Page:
PCR Primer Design
Poor primer PCR design is the one major cause of all failures or false positives or negatives in single and multiplex PCR. Primers may fail for many different reasons and the major factors that affect PCR primer designs are:
- Assay temperature which affects the equilibrium constant of oligo binding, hence the amount of primer that binds its target.
- Cation concentration (K+, Na+, Mg2+, NH4+) which affects the stability of one oligonucleotide binding to another.
- Buffer additives / consistencies such as denaturants or viscosity. Current buffer additives include glycerol, DMSO, formamide, TMAC and betaine, all of which will affect the thermodynamic stability of oligo hybridization.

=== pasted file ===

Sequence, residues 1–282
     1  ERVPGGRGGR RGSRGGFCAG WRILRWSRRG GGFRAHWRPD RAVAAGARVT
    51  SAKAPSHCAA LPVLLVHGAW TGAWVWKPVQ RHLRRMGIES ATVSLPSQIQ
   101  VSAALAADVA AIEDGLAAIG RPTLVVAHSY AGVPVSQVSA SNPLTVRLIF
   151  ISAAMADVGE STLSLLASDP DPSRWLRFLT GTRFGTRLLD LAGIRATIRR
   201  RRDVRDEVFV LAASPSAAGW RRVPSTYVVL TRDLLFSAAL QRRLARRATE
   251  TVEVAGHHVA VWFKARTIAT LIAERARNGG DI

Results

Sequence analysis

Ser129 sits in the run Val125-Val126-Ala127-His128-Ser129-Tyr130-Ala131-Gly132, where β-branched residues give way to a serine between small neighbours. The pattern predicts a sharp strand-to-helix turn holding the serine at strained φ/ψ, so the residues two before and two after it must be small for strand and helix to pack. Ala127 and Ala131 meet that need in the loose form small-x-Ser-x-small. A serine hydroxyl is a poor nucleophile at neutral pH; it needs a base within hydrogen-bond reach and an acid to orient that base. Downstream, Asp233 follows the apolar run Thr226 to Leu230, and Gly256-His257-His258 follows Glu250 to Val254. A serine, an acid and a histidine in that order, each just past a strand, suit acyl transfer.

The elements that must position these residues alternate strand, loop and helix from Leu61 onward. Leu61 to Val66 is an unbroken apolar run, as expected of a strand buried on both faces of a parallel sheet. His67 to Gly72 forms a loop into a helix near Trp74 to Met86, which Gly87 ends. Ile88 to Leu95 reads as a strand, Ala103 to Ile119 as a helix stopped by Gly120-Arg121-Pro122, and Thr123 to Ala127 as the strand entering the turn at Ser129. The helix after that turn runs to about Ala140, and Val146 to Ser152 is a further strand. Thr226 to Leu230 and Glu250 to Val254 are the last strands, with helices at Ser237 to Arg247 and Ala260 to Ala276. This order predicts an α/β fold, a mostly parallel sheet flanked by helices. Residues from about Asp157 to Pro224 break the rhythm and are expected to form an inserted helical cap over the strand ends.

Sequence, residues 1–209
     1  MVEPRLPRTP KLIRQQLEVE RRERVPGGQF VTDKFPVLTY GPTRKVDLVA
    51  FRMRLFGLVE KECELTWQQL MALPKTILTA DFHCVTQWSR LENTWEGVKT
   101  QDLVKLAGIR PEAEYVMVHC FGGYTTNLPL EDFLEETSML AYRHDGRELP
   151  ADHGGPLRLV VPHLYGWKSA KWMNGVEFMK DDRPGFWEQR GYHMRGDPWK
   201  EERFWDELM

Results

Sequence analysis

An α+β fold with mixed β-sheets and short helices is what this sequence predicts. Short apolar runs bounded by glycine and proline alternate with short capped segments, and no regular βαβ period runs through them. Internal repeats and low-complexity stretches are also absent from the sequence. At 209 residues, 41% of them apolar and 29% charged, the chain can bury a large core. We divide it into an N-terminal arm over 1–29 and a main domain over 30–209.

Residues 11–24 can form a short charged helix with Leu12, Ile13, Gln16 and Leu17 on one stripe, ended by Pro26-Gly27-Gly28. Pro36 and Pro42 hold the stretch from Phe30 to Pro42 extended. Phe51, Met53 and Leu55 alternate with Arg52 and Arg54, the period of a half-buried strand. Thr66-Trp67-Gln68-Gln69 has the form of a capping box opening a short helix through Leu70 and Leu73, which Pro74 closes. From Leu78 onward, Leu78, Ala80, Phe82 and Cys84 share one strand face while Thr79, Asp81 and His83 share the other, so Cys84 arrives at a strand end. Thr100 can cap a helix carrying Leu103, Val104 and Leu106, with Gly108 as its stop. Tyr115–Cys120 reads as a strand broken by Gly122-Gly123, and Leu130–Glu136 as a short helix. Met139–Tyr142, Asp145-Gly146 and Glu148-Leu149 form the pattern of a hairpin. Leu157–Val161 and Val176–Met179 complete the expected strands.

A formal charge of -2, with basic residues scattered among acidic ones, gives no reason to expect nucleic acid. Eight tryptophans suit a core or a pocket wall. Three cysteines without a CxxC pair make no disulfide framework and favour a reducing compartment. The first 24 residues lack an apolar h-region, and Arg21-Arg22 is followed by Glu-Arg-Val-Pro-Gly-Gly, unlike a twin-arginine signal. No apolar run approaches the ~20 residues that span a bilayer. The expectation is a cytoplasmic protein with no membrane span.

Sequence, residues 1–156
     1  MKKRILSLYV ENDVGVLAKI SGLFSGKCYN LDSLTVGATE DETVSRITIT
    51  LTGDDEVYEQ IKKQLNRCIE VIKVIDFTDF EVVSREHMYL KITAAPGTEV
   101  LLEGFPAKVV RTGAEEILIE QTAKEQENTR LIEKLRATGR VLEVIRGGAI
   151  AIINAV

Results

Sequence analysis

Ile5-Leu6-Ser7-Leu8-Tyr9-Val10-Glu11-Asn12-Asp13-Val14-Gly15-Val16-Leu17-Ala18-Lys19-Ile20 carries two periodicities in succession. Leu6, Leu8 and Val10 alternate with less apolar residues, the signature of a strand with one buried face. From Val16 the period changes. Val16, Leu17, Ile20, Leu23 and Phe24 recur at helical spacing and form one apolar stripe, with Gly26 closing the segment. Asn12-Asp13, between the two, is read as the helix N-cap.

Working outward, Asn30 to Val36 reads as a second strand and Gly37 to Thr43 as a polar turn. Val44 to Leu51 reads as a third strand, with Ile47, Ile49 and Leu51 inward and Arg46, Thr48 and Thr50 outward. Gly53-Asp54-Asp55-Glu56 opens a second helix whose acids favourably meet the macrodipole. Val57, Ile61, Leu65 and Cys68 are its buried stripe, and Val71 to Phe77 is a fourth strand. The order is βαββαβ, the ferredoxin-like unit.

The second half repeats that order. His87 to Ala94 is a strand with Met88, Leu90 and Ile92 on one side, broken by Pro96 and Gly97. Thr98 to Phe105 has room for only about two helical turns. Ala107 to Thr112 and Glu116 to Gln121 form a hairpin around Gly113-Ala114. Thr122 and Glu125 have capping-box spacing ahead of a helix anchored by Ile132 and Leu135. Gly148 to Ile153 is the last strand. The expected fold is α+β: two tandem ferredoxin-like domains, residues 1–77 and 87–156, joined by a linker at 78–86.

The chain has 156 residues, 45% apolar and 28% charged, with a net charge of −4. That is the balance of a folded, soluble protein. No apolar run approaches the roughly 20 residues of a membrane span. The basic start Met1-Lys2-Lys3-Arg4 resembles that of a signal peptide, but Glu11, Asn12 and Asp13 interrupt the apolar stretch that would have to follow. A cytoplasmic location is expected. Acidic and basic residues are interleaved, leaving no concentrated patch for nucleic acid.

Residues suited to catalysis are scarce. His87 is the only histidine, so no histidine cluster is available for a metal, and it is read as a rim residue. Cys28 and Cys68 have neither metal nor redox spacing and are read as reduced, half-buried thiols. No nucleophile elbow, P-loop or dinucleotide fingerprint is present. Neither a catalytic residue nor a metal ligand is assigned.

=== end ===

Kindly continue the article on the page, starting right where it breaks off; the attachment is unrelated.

- Desired annealing temperatures for primers and probes, which is related to oligo length and amplicon size.
- Secondary structure which affects any oligonucleotide and its ability to bind to another oligonucleotide or itself. Visual OMP uses a dynamic programming algorithm to calculate the energy of all possible structures by using our thermodynamic database. The optimal and nearby suboptimal structures are predicted to be the most populated at equilibrium.
- Synthetic nucleotide modification, such as modified backbones, sugars or bases that have the ability to increase or decrease target binding.